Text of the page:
Ebrahimpour v. Askari, 2021 ONCA 830

[Fairburn A.C.J.O., Roberts J.A. and Van Melle J. (ad hoc)]

Counsel:

J. A. Howlett, for the appellants

D. M. Bertao, for the respondent

Keywords: Promissory Note, Caution, Constructive Trust, Equitable Charge, Certificate of Pending Litigation, Duress, Coercion, Rules of Civil Procedure, Taber v. Paris Boutique & Bridal Inc., 2010 ONCA 157, Sadie Moranis Realty Corporation v. 1667038 Ontario Inc., 2012 ONCA 475

facts:

The appellants appealed an order made under rule 45.02 of the Rules of Civil Procedure, that the amount of $550,000 be paid into court pending the resolution of the parties’ dispute.

The respondent loaned funds and worked on a house building project with the appellants. The parties had a falling out. The respondent maintained that the appellants failed to repay the monies owing to him under a promissory note, pay him his share of the profits from the project, and compensate him for his services. Without advising the respondent, the appellants sold the house for $3,250,000. The respondent registered a caution on the property when he learned about the sale.

Before closing, the parties agreed that the caution would be removed in exchange for the appellants providing an irrevocable direction that $550,000 of the net proceeds of sale would be held in trust pending resolution of the parties’ respective claims. The respondent commenced an action claiming:

i. an equitable charge against $465,000 of the net proceeds from the house sale for the debt under the promissory note;
ii. a constructive trust or equitable charge over 25% of the net profit of the project; and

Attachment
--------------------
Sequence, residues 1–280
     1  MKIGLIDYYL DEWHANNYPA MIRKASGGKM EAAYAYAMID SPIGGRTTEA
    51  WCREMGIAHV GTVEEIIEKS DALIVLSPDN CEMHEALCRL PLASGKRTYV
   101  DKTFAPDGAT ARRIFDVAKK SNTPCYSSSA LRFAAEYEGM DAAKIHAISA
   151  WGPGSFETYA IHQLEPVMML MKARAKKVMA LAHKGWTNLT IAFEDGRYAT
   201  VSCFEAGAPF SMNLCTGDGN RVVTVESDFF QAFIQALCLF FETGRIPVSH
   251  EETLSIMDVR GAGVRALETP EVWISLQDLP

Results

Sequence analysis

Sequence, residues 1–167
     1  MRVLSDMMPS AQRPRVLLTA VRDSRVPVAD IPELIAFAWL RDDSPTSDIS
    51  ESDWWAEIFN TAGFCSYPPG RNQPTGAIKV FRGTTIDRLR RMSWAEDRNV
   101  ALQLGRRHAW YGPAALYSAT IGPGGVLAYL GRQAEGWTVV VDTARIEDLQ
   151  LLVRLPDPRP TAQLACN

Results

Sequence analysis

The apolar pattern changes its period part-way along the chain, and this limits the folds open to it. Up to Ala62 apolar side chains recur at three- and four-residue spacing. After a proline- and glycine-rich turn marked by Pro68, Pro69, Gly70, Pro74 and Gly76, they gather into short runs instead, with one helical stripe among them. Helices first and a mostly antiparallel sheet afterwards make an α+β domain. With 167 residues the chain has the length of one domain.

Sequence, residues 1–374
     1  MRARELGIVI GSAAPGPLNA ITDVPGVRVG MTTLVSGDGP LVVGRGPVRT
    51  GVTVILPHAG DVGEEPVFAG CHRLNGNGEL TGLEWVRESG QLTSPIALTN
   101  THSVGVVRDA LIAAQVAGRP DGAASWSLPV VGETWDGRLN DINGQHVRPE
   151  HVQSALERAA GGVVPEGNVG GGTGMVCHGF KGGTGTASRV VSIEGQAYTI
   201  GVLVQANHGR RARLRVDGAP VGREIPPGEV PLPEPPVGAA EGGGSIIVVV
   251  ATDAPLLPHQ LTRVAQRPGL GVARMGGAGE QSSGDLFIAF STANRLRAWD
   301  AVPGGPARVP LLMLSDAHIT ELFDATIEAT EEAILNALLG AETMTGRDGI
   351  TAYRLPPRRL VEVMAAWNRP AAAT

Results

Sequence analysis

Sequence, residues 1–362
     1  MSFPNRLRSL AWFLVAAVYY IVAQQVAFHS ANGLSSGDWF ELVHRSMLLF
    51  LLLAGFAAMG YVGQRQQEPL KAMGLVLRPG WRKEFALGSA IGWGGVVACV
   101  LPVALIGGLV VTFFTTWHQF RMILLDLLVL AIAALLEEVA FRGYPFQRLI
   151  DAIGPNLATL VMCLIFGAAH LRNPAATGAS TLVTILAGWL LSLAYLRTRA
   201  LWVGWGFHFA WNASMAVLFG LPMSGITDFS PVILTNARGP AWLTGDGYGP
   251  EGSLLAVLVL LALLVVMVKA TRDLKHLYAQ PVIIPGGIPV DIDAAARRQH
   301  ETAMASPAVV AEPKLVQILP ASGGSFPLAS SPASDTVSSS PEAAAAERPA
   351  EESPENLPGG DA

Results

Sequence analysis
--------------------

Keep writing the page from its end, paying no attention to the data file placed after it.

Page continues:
iii. a constructive trust or equitable charge over $72,000 of the net sale proceeds for alleged unpaid wages.

The appellants brought an application to set aside the irrevocable direction and for a declaration that the caution was invalidly registered in the first place. They sought an order releasing to them all of the proceeds of sale held in trust. The respondent brought a cross-application under rule 45.02 to have the proceeds of sale paid into court. The application judge dismissed the appellants’ application and allowed the respondent’s application.

issues:

(1) Did the application judge err in failing to find that, had the caution not been deleted, it would have been set aside because the respondent did not satisfy the test for a certificate of pending litigation?

(2) Did the application judge err in failing to find that the irrevocable direction was unenforceable because it was procured by economic duress caused by the invalid registration of the caution?

(3) Did the application judge err in failing to find that the test under rule 45.02 had not been met such that the funds ought to be paid into court?

holding:

Appeal dismissed.

reasoning:

(1) No
(2) No

There was no error in the application judge’s decisions.

The withdrawal of the caution was based upon a negotiated agreement reached between the parties, which were both represented by counsel, who all agreed that $550,000 would be held in trust. This context belied any suggestion that a certificate of pending litigation would not have been available or that there was a “coercion of will” sufficient to set aside the irrevocable direction.

(3) No

The finding that the respondent satisfied the criteria for an order under rule 45.02 was amply supported by the record. The parties’ agreement that the loan would be repaid, the profits shared, and the respondent’s wages paid from the sale of the property raised a serious issue to be tried regarding the respondent’s claim to the funds by way of the remedies of constructive trust or equitable charge. The balance of convenience favoured granting the relief sought by the respondent. The respondent will suffer substantial prejudice if the funds are dissipated before the parties’ dispute is resolved.


Ball Media Corporation v. Imola, 2021 ONCA 833

[Fairburn A.C.J.O., Roberts J.A. and Van Melle J. (ad hoc)]

Counsel:

R. Di Gregorio and C. Ellis, for the appellant

M. A. Jaeger, for the respondent

Keywords: Torts, Fraud, Conversion, Property, Fraudulent Conveyances, Resulting Trust, Civil Procedure, Summary Judgment, Family Law Act, s. 14